Sexuality, Mental Health, & Teens
Being a parent seems to be one of the most difficult experiences in life. Being a child and adolescent therapist, almost gets close to being a parent. I can’t count how many times I have had to have the “sex talk” with many of my adolescent clients, primarily girls. I often question why I’ve chosen to work with teens! I suppose the allure of watching these “mini adults” rethink their lives and what they admire in order to lead healthier lives is what keeps me entangled with this group. Even more, our teens today face a multitude of challenges ranging from mental health problems (diagnosed and undiagnosed), behavioral problems such as defiance, ADHD, or oppositional behaviors, to AIDS/HIV, relationship difficulties and poor parent-child interactions. Our kids are burdened by modern day bullying, violence, substance abuse, peer pressure, and parental goals and aspirations for their lives.
Despite all of this, one issue remains the least spoken about at home, in mental health settings, and schools, which is sexual health. As a mental health therapist I have no training in sexual and reproductive health, but I’ve had the talk many times and would like to make a few points about our youths today:
- Our youths are very uneducated: A client came to a session and asked me how she could abort a baby without having an abortion. Knowing my values about this, she refrained from having the abortion. But she expressed that many of her family members and friends told her she could:
- Sit on top of a moving washing machine for 2hrs
- Engage in multiple splits
- Drink multiple cups of alcohol
It became apparent to me that not only is my client highly uneducated about sexual health, but so too is her family, friends and many other teens.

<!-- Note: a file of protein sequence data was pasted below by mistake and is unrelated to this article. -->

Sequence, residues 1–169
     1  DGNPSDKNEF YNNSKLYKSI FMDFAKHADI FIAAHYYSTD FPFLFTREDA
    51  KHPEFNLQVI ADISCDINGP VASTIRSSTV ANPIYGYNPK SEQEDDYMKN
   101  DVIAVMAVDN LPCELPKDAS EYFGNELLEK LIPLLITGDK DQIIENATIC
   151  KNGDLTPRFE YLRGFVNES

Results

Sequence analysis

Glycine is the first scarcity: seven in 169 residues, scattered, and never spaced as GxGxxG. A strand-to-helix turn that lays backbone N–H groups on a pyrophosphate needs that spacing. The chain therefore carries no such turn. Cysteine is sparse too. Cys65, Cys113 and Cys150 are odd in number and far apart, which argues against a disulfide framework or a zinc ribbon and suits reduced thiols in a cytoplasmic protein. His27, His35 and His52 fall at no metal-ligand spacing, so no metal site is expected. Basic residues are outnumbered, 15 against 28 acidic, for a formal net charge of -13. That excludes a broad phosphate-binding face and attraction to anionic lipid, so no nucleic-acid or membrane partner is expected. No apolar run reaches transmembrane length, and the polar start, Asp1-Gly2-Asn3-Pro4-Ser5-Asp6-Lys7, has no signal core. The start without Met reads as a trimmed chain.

2. Mental health problems make sexual health difficult: What I mean by this is that many kids with mental health diagnoses such as depression, anxiety, and ADHD often engage in sexual experiences on impulse or to “self-sooth” or “self-medicate.” Youngsters with severe depression who often feel “numb” or experience anhedonia (a loss of interest in activities) will engage sexually in order to finally feel something. You may have heard that teens who self-harm (cut themselves) do it because they need to “feel” something. The same is true with sexual experiences in some cases.
3. Chronically sexually active teens are not normal: Of course we would all like to think that teens are hypersexual beings who are constantly trying to understand themselves and others in this way. But the reality is that there is a level of abnormality involved in desiring and engaging in sex at certain frequencies. Sadly, many of our teens are sexually active in today’s world. We must keep in mind and try to understand that a hypersexual teen could be acting out for help. Teens who suffer from low self-esteem, depression, anxiety, interpersonal conflicts within the home, are bullied, or are going through a family divorce may resort to sex for comfort and begin to “crave” it like one would crave a drug. In other words, sex addiction is likely to occur among our teens if we are not aware of why, when, and how often they are engaging.
It’s a difficult discussion all the way around, but our youths need us to help them make smarter decisions, keep themselves safe, and educated about their bodies. There are multiple online videos, articles, and activities to help you discuss this topic with teens. Discussing sexual health with teens struggling with mental health conditions is ten times more important because symptoms themselves can lead teens into negative sexual experiences or consequences such as pregnancy.
As always, stay informed!